If you enjoy our forum, why not join us? :) Login removes all the ads too! Click here to register in a few simple steps

Login to remove this ad | Register Here
Thread Rating:
  • 1 Vote(s) - 5 Average
  • 1
  • 2
  • 3
  • 4
  • 5
What AWG Wires To Use
"What wire size do you use for ESC, motor, LiPo batteries, signals...." I see this question all the time. 
So here is some info that hopefully answer this question for you.

First of all, there is no "overkill" when it comes to the size of a wire, you can use thicker wires than you need. 

A thicker wire means less resistance, and less resistance means less heat, better safety and higher efficiency. 

However thicker wires are heavier, so for weight critical application such as building a quadcopter, we should properly choose the AWG of electrical wires to achieve a good balance between current rating and weight.

Mini Quad components normally comes with wires soldered: for example motors, ESC, batteries.... If you want to extend the wires, you can simply match original wire AWG on these components. 

For example if your lipo came with 14AWG wires, you could use 14AWG wires for the XT60 pigtail.. And if motors were using 18AWG wires, but the ESC were using 20AWG, I would say it's best to match the larger wires, in this case, the 18AWG. 

Note that some manufacturers would deliberately use thinner wires so the weight looks better on paper.

For signal and data wires, 26AWG to 30AWG should do nicely. They don't really conduct a lot of current so light weight thin wires should be okay.

It's hard to say what the current rating is for a specific wire size, because it can depend on the conductivity of the material, length of the wire and many other factors, but here is a simple chart that you might find useful - https://oscarliang.com/wire-awg-chart-quadcopter-rc/

Beware that the length of the wire also matters, as it increases the resistance in the wire as it gets longer. Therefore if you are using a long wire you should be using a thicker wires. But generally speaking on a mini quad you should keep any wire as short as you possibly can.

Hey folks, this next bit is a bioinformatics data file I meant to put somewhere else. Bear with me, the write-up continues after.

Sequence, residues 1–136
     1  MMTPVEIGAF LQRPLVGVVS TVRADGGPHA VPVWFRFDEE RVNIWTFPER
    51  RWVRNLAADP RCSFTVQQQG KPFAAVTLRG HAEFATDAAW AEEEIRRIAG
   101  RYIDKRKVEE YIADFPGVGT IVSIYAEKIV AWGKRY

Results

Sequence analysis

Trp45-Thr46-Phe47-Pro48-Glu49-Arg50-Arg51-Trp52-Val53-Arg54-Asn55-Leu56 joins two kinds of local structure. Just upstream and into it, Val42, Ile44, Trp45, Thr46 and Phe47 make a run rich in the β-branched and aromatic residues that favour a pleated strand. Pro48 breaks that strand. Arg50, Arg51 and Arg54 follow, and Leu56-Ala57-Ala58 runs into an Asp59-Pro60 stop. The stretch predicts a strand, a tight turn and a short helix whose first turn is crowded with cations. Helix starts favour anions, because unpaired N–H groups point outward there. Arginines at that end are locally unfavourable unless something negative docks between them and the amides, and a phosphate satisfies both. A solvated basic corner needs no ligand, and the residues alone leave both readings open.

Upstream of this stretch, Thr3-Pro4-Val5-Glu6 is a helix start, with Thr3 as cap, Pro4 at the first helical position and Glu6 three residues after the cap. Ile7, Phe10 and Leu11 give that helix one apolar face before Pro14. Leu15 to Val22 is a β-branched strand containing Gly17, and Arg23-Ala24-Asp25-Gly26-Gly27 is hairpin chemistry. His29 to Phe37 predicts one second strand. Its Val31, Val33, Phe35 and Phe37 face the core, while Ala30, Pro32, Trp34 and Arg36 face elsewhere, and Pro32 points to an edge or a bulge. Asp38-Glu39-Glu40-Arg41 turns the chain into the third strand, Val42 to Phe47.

Finally Study on Ohm's law it should answer some of your questions Smile

Don't be a LOS'er, be an FPV'er :) -- Blog - Facebook - Instagram - Twitter - Google Plus
[-] The following 13 users Like Oscar's post:
  • E.L.K., Akuwu, Carl.Vegas, Apicalis, Drone0fPrey, sirdude, unseen, PaulMek, snafu, NimhBot, Dutch Drone Builder, Grisha0, sloscotty
Hey! That's a really good representation of Ohm's Law! R is one over VI !
[-] The following 4 users Like sloscotty's post:
  • Carl.Vegas, Drone0fPrey, sirdude, unseen
i wish someone showed me this explanation of law during physics in elementary school Smile
it is soooo much clearer than description from books

as for the cables... signals can go basically on "whatever" what to watchout for are power cables especially battery = pdb as most current is flying through there...
All the best
Grzesiek (Grisha/ Greg)

Curently flyable: Nox 5, Nox 3, Minimalist 112, Scrap at the moment... nothing is flyable
Bench / in progres: fixing Nox 5, Nox 3, Minimalist 112, Scrap
thinking about building: 450

Login to remove this ad | Register Here
Good chart as a guide line, and the representation of Ohm's law is great.
Great post!
The insulation diameter is not very representative of wire AWG as you can see on the photo, especially for silicone wires.
Login to remove this ad | Register Here
Recently noticed that Core Electronics (http://www.core-electronics.com.au) has a pretty good range of colours in silicone insulated 30AWG cable at lengths and prices that are compelling.

Hobbyking have some but in general the colour range seems to be smaller - and their 26AWG is too "chunky" for doing much with on small frames.

Obviously largely relevant to Australian members but there's probably various Arduino/Hobbiest suppliers around the globe similar.
[-] The following 2 users Like Aaron's post:
  • sirdude, unseen
Silicone insulation is the best thing since sliced bread for any multirotor builder.

It doesn't melt or shrink back when you solder to the wire, it's easy to strip and the whole cable is so much more flexible.

There is one small disadvantage that should be considered though. As silicone insulation is quite soft, if any wire rests against a cut edge on your carbon fibre frame, you should reinforce that point with some heat shrink. If you don't, vibration will quickly cause the frame to cut through the silicone insulation and as carbon fibre is conductive, the results won't be pretty if you end up shorting power wires to your frame!

And even if you do reinforce with heat shrink, having any wire going over a sharp edge is a bad idea anyway and you should always try to avoid running cables in that way to start with.
[-] The following 4 users Like unseen's post:
  • Carl.Vegas, Drone0fPrey, sirdude, sloscotty